Kashmiri children paddle a boat as a man fishes with a fishing rod in the Nigeen Lake. AFP
On Srinagar's Dal Lake, intricately decorated houseboats usually packed with tourists lie empty as Kashmir's tourism sector reels from a three-week-long lockdown imposed as India revoked the picturesque region's autonomy.
With its breath-taking scenery, snow-capped mountains and placid lakes, temperate Kashmir is a popular destination for hordes of domestic and international tourists during the scorching summer season in the rest of India.
Streets buzzing with locals and tourists are now mostly deserted. In their place are coils of barbed wire, security checkpoints and tens of thousands of extra troops New Delhi sent to the Himalayan region to reinforce the half a million already there.
"This is not what we expected," said a Taiwanese couple, the only tourists AFP found in Srinagar, adding they had planned their trip a year ago.
"Nowadays not many people can live daily life without having all this modern technology, without the internet... That's kind of really hard for people, especially tourists.
"We are scared of the entire situation."
Switzerland of the East
Kashmir, split at the end of British colonial rule in 1947 between India and Pakistan, was a popular international getaway until an armed insurgency against Indian rule erupted in 1989.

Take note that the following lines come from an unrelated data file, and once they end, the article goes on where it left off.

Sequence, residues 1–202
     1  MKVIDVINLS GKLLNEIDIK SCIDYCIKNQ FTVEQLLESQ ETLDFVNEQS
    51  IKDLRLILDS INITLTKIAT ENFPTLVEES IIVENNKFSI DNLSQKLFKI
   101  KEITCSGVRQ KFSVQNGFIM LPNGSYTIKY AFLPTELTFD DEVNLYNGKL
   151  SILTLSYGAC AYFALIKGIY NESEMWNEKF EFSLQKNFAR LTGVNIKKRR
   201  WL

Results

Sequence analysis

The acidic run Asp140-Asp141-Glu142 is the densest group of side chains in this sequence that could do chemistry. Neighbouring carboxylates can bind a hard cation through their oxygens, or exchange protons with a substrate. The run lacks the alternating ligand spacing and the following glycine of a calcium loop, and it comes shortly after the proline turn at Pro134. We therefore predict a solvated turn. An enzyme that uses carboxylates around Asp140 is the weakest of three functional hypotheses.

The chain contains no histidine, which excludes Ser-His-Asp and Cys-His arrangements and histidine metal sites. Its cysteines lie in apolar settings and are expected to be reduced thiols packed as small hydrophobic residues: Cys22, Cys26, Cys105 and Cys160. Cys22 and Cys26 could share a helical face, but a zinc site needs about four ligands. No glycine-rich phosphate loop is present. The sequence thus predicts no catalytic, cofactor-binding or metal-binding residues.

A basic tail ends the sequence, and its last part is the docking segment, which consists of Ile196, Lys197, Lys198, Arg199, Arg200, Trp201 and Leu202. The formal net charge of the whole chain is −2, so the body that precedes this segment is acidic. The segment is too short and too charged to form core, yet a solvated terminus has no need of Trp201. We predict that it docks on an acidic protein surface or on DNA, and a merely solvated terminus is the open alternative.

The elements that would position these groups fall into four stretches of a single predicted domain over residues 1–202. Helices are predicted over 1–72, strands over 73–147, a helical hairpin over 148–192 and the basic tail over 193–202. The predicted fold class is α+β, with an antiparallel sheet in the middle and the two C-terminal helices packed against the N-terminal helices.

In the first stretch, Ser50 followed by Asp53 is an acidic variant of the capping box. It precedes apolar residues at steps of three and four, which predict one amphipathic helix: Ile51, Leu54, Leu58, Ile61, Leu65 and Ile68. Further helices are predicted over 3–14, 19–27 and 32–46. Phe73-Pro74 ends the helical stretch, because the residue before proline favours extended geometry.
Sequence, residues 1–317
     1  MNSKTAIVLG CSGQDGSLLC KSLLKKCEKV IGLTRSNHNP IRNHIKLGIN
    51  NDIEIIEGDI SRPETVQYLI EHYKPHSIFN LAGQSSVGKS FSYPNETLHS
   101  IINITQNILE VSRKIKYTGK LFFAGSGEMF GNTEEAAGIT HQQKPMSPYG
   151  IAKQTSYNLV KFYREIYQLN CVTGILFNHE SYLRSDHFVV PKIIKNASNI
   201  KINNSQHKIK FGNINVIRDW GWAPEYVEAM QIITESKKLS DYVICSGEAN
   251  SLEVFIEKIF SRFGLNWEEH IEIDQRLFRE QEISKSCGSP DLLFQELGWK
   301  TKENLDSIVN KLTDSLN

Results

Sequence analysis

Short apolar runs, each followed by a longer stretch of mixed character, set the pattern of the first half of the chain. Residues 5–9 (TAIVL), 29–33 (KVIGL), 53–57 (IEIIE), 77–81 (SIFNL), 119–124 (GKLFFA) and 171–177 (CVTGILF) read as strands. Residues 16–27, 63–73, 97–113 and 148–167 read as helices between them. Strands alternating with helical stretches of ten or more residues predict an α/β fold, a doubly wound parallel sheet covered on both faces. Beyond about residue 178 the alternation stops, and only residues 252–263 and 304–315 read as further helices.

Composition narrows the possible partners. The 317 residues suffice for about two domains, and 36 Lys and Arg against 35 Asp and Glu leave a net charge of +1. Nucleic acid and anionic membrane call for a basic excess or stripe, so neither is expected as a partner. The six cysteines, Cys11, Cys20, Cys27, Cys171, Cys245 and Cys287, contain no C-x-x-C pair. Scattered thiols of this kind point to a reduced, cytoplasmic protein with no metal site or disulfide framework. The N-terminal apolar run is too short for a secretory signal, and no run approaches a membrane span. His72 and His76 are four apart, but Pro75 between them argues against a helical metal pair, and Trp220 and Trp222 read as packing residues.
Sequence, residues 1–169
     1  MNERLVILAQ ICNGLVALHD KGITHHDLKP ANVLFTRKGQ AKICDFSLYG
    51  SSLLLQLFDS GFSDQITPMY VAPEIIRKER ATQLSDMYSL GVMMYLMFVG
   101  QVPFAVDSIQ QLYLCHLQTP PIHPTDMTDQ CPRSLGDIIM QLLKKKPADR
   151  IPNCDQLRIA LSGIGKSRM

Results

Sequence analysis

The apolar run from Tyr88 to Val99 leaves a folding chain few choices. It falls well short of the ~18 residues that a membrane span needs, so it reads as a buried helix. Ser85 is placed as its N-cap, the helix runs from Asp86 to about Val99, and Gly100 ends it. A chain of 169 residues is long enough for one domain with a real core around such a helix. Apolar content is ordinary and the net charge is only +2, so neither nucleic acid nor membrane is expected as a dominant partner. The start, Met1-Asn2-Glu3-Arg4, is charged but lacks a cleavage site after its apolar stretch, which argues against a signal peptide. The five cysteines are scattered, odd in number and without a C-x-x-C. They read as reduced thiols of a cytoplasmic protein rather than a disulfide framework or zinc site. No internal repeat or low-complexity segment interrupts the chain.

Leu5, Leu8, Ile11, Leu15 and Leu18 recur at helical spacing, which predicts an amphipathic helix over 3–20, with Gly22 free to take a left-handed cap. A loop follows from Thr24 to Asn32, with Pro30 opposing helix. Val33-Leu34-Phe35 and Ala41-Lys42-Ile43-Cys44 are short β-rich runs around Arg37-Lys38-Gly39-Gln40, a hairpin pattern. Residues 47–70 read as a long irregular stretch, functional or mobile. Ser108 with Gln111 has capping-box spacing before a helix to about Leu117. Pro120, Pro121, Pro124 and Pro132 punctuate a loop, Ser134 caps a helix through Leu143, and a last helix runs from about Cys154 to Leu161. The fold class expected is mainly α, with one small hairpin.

The conflict, which has claimed tens of thousands of mostly civilian lives, has challenged efforts to promote tourism in the so-called "Switzerland of the East".
In Kashmir, the number of holidaymakers dropped from more than 1.3 million in 2012 to 850,000 in 2018, according to government figures.
But more than half-a-million people visited the valley in the first seven months of this year, with more than 150,000 vacationers arriving last month alone, according to official data.
Can't remain sane
The sharp drop-off is sending shockwaves through the estimated $500 million-a-year tourism industry, which employs some 100,000 people.
Many others make a living from related sectors including handicrafts, horticulture and transport.
A woman washes clothes outside an empty houseboat guesthouse on Dal Lake. AFP
The Indian government has stressed that bringing Kashmir under its direct rule would boost the economy and generate more jobs and development.
Some countries have already issued advisories against travel to the region and tourist operators fear thousands of jobs could be lost, weakening the economy and further inflaming tensions.
"When your business is down and your basic rights are taken away, you can't expect us to remain sane," handicrafts store owner Sameer Wani said.
"It will come to a do-or-die situation soon."
Once known for its crystal clear waters on which the houseboats floated majestically, the Dal Lake in Kashmir's capital city, Srinagar, is today dying a slow death.
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